Presentamos una traducción al inglés de “La noche de las nubes”, relato de Juan Carlos Méndez Guédez incluido en Ideogramas (2012), realizada por Katie Brown y publicada en la revista digital Latin American Literature Today. Brown enseña español, cultura latinoamericana y traducción en la Universidad de Bristol, en Reino Unido. Con Tim Girven y Montague Kobbe, coeditó la antología Crude Words: Contemporary Writing de Venezuela (Ragpicker Press, 2016), para la que tradujo historias de Rodrigo Blanco Calderón, Héctor Concari, Liliana Lara, Carolina Lozada, Juan Carlos Méndez Guédez Y Slavko Zupcic.
Publicado originalmente por la revista Latin American Literature Today.
“La noche de las nubes” comes from Juan Carlos Méndez Guédez’s 2012 collection Ideogramas. I first encountered the story at a reading in Madrid in 2013, in which Méndez Guédez spoke about how his stories are not autobiographical, but ‘autogeographical’, presenting characters caught between Venezuela and Spain. In the intervening years, as Venezuela’s crisis has deepened while the US and Europe continually tighten their borders, this story of a mother trying desperately to bring her son from Venezuela to safety in Spain has only become more relevant.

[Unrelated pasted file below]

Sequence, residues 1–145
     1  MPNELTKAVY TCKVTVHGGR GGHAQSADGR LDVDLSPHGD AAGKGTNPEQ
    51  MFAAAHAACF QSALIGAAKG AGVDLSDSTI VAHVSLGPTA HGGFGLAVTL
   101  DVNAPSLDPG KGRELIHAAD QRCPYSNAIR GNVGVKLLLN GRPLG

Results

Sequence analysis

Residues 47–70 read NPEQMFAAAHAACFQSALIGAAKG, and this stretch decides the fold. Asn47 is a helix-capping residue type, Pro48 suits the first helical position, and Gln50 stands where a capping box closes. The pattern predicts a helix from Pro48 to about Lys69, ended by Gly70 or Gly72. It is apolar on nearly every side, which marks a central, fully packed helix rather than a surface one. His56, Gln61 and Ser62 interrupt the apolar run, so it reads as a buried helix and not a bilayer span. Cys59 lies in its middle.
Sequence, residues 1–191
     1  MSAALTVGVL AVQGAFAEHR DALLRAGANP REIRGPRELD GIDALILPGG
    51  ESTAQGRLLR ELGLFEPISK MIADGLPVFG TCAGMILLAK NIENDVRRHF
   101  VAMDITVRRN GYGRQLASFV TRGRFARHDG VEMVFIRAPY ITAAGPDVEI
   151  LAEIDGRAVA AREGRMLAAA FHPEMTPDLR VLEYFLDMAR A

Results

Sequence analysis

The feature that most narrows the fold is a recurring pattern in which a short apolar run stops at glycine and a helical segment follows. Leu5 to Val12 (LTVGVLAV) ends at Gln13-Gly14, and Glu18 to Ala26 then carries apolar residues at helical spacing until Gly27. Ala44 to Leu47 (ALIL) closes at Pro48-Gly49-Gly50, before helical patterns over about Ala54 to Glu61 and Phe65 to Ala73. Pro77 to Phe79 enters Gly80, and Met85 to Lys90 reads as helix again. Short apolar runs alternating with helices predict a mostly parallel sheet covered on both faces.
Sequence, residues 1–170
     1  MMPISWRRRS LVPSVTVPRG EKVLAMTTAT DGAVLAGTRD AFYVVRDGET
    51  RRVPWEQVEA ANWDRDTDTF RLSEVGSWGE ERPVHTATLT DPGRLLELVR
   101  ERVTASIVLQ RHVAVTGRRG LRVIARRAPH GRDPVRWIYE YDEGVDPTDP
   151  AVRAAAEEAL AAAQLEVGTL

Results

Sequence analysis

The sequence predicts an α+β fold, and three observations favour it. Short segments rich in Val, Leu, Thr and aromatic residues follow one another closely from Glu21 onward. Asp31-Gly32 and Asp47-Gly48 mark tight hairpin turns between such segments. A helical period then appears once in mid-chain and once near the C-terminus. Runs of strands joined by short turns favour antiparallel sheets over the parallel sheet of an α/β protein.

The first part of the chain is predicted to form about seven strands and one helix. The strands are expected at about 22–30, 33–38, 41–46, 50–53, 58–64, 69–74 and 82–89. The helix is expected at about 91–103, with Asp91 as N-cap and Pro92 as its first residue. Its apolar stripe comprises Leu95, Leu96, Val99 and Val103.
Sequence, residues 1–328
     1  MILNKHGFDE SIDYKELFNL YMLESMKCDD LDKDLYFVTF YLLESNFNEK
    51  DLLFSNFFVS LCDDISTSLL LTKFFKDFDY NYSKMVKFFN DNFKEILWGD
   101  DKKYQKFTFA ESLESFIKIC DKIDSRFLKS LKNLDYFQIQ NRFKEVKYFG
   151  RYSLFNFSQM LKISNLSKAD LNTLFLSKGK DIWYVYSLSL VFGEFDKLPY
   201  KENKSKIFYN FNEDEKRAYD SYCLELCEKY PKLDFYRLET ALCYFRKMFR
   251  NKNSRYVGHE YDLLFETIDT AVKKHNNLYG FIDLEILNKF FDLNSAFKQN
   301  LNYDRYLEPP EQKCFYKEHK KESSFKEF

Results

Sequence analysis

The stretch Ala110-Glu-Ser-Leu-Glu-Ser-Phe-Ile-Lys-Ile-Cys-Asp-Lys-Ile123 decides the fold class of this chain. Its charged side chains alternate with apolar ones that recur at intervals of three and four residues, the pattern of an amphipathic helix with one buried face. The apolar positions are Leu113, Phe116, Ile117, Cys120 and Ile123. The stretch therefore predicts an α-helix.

… Holy Virgin of Barajas, I promise you it’s not a tango, I just like whistling, whistling any old thing, I whistle a lot, and that’s why I always make this face when people here in Madrid shout at me Argentina and I, of course, say no, mister, you’re far off, quite far off, Venezuelan, mister, at your service, born in El Tocuyo, and they say to me, oh ok, some Argentine village, and me, no, mister, further up, much further up, although I didn’t live there but in Caracas, which isn’t where you’re talking about either, and them, ah in the north of Argentina, so there’s nothing I can say, and I don’t explain it to them because with what I get paid for my tortillas I earn enough, I make them very well, really well, surely you’ve tried them, sure you have, because if you have breakfast on Alcalá or Barquillo or Prim or Infanta, well all of those bars buy their tortillas from me, nobody makes them like I do and you know what, I didn’t even know, I had no idea until I came to Spain and learnt, I try to learn and be a good person and then damn it, you come along and tell me they’re sending my son back, they’re putting my son on that plane and sending him back home, Continue reading ““Night Time for Clouds”, relato de Méndez Guédez traducido para la revista Latin American Literature Today”